Since the financial crisis, the federal government has implemented a fiscal stimulus plan and the Federal Reserve took to the road of monetary stimulus, actively seeking new routes to revive the U.S. economy.
Sometimes, communication can be the art of what not to say. Federal Reserve Chairman Ben Bernanke took pains this week to make clear that the central bank’s indication that it will likely keep rates low until mid-2015 does not mean it expects growth to remain weak for that long.
Polling data courtesy of Chris Reese
We’ll know it when we see it. That’s essentially been the Federal Reserve’s message since it launched an open-ended bond-buying stimulus plan that it says will remain in place for as long “the outlook for the labor market does not improve substantially.” Which begs the question: how much larger is the central bank’s $2.9 trillion balance sheet likely to get?
The “fiscal cliff” is widely seen as a massive threat looming over a fragile U.S. recovery. But with a little imagination, it is not difficult to see how the combination of expiring tax cuts and spending reductions actually presents an opportunity for tilting the budget backdrop in a pro-growth direction, even if political paralysis makes this scenario rather unlikely.
Economists love motor analogies, and for good reason: they are very useful in illustrating the ebb and flow of economies. In coming months, maybe even years, the help from the auto sector could become a lot more literal, argues Paul Dales, senior U.S. economist at Capital Economics in London. In particular, he expects rising sales following years of depressed consumer spending on vehicles in the wake of the Great Recession could add as much as 0.25 percentage point to U.S. gross domestic product growth per year over the next four years. Here’s why:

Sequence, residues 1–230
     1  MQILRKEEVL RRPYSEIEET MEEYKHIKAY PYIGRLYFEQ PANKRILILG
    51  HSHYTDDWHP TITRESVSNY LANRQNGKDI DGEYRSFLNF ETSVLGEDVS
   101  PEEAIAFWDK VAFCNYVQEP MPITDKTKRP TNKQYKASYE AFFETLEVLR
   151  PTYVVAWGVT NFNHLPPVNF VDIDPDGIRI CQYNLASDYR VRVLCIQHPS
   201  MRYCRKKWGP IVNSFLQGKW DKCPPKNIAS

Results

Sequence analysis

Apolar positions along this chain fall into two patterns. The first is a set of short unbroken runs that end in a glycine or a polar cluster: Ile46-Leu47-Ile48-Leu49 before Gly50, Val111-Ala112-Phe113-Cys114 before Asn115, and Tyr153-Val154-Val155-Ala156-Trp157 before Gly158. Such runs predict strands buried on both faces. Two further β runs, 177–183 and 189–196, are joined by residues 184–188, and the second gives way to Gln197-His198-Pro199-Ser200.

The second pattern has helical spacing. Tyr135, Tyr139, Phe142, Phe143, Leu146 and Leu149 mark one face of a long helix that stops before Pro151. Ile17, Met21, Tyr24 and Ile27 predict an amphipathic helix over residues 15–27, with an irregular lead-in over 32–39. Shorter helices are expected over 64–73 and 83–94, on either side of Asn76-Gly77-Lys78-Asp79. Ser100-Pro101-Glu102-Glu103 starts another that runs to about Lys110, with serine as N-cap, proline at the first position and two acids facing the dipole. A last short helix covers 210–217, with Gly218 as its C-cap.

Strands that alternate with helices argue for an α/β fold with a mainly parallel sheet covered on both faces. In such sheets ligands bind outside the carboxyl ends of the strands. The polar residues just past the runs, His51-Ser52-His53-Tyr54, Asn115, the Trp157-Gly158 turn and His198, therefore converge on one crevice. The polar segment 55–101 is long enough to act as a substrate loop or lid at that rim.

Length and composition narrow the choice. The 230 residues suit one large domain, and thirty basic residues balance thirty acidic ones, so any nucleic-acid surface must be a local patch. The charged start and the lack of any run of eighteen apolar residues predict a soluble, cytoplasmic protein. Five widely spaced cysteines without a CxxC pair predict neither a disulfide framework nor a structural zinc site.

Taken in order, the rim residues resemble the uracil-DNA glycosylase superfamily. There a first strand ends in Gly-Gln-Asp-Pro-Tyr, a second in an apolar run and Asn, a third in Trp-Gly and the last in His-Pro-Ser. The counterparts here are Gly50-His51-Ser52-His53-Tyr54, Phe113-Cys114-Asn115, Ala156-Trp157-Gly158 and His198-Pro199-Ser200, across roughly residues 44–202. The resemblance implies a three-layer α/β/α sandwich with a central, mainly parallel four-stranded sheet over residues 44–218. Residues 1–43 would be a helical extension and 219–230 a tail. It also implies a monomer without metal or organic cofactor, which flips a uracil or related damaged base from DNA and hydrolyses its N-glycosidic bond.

The U.S. savings rate sank last month to its lowest since November, official data showed this week, in a sour reminder of how the economy is still dangerously exposed to any financial downturn or other shocks like the fiscal cliff. Following are some facts about this usually overlooked indicator:
Latin America has defied one of the most elementary rules of macroeconomics in the past decade, Citigroup economists Joaquin Cottani and Camilo Gonzalez found in a report.
Ironically, an increase of capital inflows to Latin America in the last few years due to unappealing ultralow yields in industrialized countries and the region’s relative economic success is posing a threat for development, according to a recent paper that provides wider background to BRIC criticism of the latest U.S. Federal Reserve´s quantitative easing.